That is bad for everyone, TOI burnt cash by bleeding on circulation revenues, and so did HT in trying to match it. "We are just chasing numbers which have become a surrogate yardstick for success. How many of these papers are making money?" asks Murali. What he says is not new, but when dozens of brands start doing that, the value they sometimes erode could be greater than the one they create. So, if all that investor money simply goes in price cuts and circulation losses, and not in creating a good brand that will survive the slump years, it will bring publishing back to where it started. Instead of unlocking value, all that Rs 1,000 crore will go into destroying it.

Arun Natarajan is the Editor of TSJ Media, which tracks venture capital activity in India and Indian-founded companies worldwide. View sample issues of TSJ Media's Venture Intelligence India newsletters and reports.

The appeal of value-added BPO services

Businessworld examines the opportunity in outsourcing of services like data analytics, patent examination, tax return preparation and market research. That is, stuff that can fetch billing rates of above the $10 per hour (or less) that call center services fetch.

The Opportunities:

The Players:
These niche players include MarketRx (pharma marketing research), Ugam Solutions, Copal Partners (research and analytics in areas like e-commerce), Scope e-Knowledge Centre (market information), Take Solutions (supply chain management), Inductis (equity research and analytics), Lexadigm, Intellevate (both into legal services) and TechBooks (publishing). Joining them are larger, 'blended service' players like WNS, Wipro Spectramind, EXL Service, ICICI OneSource, 24x7 Customer and Msource.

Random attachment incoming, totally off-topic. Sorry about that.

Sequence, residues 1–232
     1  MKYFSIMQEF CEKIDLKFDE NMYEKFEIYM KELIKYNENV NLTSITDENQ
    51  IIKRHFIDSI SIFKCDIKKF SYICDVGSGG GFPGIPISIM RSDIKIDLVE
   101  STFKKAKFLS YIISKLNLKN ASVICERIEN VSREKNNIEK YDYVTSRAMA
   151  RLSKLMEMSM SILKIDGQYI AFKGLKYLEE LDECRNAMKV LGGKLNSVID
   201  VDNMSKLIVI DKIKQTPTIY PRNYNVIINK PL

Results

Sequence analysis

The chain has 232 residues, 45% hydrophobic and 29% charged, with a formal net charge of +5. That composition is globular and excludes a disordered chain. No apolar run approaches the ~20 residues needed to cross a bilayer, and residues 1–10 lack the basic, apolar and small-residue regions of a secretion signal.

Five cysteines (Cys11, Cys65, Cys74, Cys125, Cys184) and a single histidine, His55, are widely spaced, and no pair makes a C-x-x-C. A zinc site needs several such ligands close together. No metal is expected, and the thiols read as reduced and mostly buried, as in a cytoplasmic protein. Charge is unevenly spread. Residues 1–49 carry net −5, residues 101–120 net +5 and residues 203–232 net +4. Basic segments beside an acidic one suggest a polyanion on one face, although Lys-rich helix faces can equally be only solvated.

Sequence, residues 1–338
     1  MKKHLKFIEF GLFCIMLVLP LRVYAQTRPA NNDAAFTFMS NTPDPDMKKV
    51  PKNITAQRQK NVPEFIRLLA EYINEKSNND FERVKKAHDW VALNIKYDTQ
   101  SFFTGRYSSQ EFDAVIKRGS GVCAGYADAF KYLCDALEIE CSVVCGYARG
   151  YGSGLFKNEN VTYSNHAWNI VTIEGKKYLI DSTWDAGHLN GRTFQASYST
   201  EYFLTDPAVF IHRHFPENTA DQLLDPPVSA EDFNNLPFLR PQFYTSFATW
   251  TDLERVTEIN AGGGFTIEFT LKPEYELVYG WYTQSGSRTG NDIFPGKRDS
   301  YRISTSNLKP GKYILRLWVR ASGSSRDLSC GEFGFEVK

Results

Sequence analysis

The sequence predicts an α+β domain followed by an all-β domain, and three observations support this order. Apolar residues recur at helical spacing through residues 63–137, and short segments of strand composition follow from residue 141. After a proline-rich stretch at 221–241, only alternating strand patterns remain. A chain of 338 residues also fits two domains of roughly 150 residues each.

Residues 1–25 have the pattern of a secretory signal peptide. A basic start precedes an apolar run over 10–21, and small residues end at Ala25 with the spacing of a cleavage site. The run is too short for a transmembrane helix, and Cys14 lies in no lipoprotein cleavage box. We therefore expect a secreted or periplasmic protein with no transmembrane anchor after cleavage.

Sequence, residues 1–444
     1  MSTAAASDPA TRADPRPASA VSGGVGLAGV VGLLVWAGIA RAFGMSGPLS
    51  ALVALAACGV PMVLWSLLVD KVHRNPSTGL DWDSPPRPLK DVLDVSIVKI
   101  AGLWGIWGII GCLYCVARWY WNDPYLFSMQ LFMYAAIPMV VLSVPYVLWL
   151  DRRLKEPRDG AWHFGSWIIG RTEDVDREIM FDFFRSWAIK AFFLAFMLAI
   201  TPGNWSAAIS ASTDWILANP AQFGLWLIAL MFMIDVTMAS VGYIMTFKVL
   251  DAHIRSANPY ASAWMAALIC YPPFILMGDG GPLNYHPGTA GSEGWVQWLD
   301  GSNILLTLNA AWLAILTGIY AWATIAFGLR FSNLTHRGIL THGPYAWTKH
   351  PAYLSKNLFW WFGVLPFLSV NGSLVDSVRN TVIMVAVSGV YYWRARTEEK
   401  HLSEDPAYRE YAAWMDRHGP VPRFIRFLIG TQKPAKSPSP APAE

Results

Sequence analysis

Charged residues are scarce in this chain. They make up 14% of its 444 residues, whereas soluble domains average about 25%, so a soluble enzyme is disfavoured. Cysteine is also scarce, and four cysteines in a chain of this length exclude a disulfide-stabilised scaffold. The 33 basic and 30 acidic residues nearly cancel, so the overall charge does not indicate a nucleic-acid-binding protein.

The Challenges:
But as these companies are getting into these new services, they are facing new concerns, too. For one, getting professionals who can do the complex tasks can be a problem. For the sort of job Bisht is doing, companies want PhDs. With India producing just about 5,000 PhDs a year, there could soon be a shortage of such professionals.

...Adds Dhritiman Bhattacharyya, partner, Fox Mandal, solicitors and advocates: "You won't find too many senior lawyers eager to get into legal BPO work, despite the attractive billing rates. The money might be good but the nature of the work is not appealing or satisfying." It's the same with PhDs. The better among them might prefer to work at research institutes.